I was really pushing it but I caught the ferry back, caught a train to the airport, and actually made it on time. The only thing I missed was my usual sitting in the airport for three hours – which, to be honest, is usually time I enjoy and use well – but in this case, I was happy to have had a nice ferry trip and some site seeing instead.
My flight from Melbourne was a little bit delayed but I got back just before sunset. It was nice that I had the capsule hotel waiting for me – and it was worth the roughly $30 to have had it the night I was in Melbourne.
I met a new friend, Sally from Waga Waga – a traditional Chinese medicine practitioner and we joined forces to go to dinner in Chinatown. Like me, it was her first time staying in a capsule hotel and we both laughed about how strange it was. Dinner was great conversation and an okay meal of Chinese food and then back to our capsules for what turned out to be a not very comfortable night of sleep for me – someone in my capsule room had gotten cold and turned off the air conditioning by unplugging it – this person more or less was just thinking of themselves since the AC is shared by all. When I complained about the temperature in the morning the desk person complained about people unplugging it.
Anyway, up early for another 15000 step walk. As usual, I set off in a random direction with no plan. After a long time of wandering up and down byways, I ended up in what is now my favorite neighborhood anywhere – Glebe. Mellow, leafy, lots of cafes and restaurants – and lots of super yachts parked nearby in Blackwattle Bay.
I walked to the Fisherman’s Wharf, checked out the fish markets, then crossed a crazy pedestrian bridge to Darling Harbor before crossing a more tourist oriented bridge back to downtown where I went straight to the Sydney Eye tower and paid too much to go to the observation deck – it was cool, but even though it is the tallest building in Sydney – it’s like the 35th tallest in the world – so I’m not sure it was worth $29 to go up there and take a few photos – but I think I would have regretted not going – so, I suppose it was worth it.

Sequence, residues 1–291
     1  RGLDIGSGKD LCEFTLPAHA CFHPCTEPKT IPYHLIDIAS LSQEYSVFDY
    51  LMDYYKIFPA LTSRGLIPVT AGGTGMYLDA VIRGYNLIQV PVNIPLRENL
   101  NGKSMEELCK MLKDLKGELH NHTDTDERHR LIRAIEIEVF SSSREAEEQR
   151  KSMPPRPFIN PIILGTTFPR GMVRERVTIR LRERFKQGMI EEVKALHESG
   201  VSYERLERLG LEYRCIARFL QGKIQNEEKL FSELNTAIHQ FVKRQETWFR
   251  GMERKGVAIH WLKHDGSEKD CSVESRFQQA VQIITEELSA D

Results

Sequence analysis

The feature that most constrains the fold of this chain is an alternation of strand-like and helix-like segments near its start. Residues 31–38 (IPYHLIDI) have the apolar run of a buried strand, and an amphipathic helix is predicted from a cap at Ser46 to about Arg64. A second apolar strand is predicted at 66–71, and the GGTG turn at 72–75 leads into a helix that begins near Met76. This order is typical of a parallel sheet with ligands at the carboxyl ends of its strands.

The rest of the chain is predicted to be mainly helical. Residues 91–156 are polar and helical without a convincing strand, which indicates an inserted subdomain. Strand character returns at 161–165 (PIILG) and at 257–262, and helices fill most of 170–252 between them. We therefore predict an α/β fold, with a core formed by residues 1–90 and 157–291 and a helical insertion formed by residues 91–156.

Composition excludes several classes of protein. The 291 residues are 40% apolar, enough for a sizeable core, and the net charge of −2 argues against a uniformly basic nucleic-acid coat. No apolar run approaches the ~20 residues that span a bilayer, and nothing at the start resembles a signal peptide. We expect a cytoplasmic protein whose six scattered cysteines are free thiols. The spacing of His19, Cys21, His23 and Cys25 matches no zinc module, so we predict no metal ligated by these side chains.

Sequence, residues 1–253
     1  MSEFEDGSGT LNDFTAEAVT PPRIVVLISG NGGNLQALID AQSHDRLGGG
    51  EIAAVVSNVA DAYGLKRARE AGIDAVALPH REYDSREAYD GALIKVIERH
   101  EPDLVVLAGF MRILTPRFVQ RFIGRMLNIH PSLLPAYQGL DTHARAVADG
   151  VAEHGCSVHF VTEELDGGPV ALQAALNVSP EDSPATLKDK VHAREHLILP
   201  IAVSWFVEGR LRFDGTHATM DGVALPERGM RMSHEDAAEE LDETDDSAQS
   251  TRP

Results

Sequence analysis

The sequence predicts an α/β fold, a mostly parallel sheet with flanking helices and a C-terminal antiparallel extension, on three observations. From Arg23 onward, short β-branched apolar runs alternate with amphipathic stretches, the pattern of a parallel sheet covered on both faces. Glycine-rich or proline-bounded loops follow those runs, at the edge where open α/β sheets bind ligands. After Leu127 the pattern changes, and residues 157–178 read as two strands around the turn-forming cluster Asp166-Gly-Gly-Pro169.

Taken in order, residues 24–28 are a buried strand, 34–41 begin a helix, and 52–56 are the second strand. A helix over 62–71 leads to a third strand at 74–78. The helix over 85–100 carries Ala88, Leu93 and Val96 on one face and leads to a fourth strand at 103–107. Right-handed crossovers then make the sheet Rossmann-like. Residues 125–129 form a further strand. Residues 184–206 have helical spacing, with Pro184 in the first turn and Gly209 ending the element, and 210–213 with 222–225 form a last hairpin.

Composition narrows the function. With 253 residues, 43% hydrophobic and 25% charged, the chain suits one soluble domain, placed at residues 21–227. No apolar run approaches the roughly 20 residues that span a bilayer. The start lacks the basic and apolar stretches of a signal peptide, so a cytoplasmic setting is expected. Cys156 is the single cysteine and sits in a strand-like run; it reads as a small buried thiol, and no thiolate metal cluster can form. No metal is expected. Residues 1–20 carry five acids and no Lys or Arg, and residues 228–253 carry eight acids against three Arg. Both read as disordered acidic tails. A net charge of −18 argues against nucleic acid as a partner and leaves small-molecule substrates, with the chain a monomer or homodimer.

My old iPhone 6s is ready to be upgraded. The batteries die far too quickly and it is getting harder to charge. Since the battery was at 1%, I went back to the old capsule and plugged in for an hour or so to charge up. My plan for the rest of the day is to head down to the Rocks, maybe book a show at the Sydney Opera House for Tuesday night when I get back from Tasmania, and then head to the big LGBTQ Mardi Gras Parade. Everyone tells me it’s going to be an amazing parade and show – since I’m here, there is no way I’m going to miss it.
Tomorrow I fly out to Tazzy for a couple of days – then back here where I’ll most likely catch an opera house show, take a day trip to the Blue Mountains, and then head back to Honolulu. Time is going far too fast here.